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Cultural Heritage / Trip Ideas

How do Chinese people celebrate the Mid-Autumn Festival?

By Teng Mu

September 18

September 15th was China’s Mid-Autumn Festival. Make sure you know how Chinese people have celebrated one of their biggest days.

September 15th was China’s Mid-Autumn Festival. Make sure you know how Chinese people have celebrated one of their biggest days.

Celebrated annually on 15th day of the 8th month of the Chinese lunar calendar, the Mid-Autumn Festival, also called the Moon Festival, is the second most important traditional Chinese holiday after the Spring Festival.

In the Zhou Dynasty (BC1046-256), Chinese people began worshiping the moon in mid-autumn to pray for a good harvest. The festival has since become an occasion to get together with family and friends. Legendary stories about the Goddess Chang’s flight to the moon, Wu Gang’s cutting of the laurel tree and Emperor Ming’s wanderings in Moon Palace endowed the occasion with a romantic mystique.

The bright full moon at the Mid-Autumn Festival [Image Credit: photostock.china.com.cn/Wang Jilin]
The bright full moon at the Mid-Autumn Festival [Image Credit: photostock.china.com.cn/Wang Jilin]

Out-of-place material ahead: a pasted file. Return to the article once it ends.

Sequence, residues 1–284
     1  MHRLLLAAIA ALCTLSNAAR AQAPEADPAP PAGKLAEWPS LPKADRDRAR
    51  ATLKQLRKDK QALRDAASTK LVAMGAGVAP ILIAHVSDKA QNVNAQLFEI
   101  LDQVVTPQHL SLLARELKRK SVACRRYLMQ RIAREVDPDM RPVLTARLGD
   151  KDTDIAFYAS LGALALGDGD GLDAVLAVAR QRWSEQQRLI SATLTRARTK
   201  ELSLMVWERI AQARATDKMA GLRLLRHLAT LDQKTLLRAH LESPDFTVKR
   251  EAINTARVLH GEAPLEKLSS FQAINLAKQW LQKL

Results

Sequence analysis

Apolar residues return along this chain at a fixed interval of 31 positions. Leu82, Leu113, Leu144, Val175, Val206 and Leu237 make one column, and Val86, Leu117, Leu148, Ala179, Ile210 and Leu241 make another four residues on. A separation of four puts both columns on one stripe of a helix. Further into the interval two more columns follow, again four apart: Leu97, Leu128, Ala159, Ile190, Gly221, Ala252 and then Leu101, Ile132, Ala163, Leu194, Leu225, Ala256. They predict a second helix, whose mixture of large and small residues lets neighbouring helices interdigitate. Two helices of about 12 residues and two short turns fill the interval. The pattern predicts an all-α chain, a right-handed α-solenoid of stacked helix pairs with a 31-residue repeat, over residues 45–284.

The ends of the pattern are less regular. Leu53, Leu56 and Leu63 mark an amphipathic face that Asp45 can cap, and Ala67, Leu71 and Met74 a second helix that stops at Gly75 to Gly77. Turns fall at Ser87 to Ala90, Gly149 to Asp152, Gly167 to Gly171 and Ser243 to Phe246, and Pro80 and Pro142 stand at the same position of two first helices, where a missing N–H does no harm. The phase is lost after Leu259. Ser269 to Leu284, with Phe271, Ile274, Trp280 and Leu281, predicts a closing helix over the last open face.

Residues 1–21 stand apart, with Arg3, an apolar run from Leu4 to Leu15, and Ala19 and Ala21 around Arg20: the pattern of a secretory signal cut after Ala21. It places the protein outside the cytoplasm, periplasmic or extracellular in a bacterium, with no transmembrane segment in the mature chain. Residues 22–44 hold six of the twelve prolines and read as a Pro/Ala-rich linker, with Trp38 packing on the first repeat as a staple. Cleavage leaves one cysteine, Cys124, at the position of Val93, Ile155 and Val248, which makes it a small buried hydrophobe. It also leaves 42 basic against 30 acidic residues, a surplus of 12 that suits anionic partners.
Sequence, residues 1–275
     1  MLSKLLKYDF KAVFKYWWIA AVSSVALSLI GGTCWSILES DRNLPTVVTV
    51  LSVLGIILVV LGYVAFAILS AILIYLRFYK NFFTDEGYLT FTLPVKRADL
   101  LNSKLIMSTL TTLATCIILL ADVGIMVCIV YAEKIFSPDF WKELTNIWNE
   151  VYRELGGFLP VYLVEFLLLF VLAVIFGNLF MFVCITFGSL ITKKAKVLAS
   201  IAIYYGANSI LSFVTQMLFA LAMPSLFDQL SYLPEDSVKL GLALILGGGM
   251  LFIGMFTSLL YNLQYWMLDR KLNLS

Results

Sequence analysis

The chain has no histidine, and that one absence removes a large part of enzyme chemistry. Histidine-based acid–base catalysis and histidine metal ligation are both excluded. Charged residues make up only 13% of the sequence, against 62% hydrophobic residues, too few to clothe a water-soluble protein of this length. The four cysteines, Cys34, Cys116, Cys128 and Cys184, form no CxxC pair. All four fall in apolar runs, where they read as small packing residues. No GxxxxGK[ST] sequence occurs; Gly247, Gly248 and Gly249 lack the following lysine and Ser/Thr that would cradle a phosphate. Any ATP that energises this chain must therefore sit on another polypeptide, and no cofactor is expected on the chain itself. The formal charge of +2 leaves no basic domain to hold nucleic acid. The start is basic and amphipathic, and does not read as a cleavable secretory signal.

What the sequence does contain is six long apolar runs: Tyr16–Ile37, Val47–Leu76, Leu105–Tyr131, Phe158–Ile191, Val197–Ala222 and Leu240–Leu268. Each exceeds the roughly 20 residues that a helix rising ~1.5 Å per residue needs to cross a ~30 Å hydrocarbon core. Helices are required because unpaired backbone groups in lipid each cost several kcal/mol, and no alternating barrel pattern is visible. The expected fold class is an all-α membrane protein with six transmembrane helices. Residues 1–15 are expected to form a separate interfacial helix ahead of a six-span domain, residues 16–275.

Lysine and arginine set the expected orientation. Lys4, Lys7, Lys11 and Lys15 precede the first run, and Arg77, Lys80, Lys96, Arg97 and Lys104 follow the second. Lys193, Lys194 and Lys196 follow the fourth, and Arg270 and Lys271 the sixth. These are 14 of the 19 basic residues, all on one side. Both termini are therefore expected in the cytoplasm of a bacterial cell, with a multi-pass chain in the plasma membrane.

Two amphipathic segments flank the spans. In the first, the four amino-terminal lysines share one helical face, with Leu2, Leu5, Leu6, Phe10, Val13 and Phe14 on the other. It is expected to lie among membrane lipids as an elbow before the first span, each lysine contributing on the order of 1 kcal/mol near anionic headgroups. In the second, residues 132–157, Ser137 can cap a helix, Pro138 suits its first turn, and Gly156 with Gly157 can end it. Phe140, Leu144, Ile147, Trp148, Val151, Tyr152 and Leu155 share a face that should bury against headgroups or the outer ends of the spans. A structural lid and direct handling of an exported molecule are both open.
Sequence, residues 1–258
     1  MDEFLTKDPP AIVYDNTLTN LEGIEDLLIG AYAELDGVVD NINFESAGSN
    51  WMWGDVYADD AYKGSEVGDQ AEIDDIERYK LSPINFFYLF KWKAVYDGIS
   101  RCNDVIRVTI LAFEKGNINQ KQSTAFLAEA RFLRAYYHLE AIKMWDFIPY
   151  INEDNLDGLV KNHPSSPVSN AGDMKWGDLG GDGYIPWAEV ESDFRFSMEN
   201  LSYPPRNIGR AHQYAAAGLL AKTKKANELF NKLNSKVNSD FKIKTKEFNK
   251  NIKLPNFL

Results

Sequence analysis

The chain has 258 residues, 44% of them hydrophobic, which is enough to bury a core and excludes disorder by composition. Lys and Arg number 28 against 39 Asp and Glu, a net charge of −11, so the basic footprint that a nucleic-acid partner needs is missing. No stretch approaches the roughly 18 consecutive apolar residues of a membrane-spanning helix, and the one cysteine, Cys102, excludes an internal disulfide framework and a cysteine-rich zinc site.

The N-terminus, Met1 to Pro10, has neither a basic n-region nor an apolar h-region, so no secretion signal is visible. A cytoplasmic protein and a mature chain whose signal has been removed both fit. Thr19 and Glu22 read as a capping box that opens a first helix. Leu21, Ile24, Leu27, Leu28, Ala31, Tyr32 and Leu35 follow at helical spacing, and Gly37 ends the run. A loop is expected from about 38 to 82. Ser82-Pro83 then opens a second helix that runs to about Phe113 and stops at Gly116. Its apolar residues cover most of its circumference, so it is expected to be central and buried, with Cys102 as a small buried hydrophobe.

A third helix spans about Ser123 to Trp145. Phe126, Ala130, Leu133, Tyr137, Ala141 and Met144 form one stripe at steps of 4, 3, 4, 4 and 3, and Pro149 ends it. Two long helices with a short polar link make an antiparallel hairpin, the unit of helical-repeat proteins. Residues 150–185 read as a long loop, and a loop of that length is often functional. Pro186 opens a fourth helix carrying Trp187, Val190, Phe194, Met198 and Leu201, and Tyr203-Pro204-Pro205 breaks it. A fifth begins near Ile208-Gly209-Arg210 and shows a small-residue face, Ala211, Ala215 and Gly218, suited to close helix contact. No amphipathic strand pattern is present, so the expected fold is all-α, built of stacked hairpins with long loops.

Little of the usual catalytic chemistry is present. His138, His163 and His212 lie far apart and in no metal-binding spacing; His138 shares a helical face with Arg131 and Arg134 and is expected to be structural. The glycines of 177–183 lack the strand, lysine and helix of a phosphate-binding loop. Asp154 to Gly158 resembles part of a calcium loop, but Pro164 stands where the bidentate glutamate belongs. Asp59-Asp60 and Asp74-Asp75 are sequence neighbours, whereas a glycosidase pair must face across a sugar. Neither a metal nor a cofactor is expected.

During the festival people usually watch the full moon, eat mooncakes, and admire laurel trees. Nowadays, some forms of celebration are much more colorful.

People are holding worship ceremony for the moon. [Image Credit: china.com.cn]
People are holding worship ceremony for the moon. [Image Credit: china.com.cn]
Traditional clothing lovers dress in ancient costumes and hold grand ceremonies to worship the moon. Some people light lotus candles and make a wish before sending the waxy crafts adrift. In one folk tradition, participants pound sticky rice into cakes, whose round shapes and stickiness symbolize reunion.

People are pounding the sticky rice cakes. [Image Credit: china.com.cn]
People are pounding the sticky rice cakes. [Image Credit: china.com.cn]
If you already have a few people reunited, you can do as many others across the country do and share one giant mooncake.

People are making rice figurines. [Image Credit: china.com.cn]
People are making rice figurines. [Image Credit: china.com.cn]
As a time for family reunion, the festival and its full moon fills those far from home with nostalgia and brings to mind a line from Tang-era poet Su Shi: “Though far apart, we are still able to share the beauty of the moon together.”

People are lighting lotus candles. [Image Credit: china.com.cn]
People are lighting lotus candles. [Image Credit: china.com.cn]
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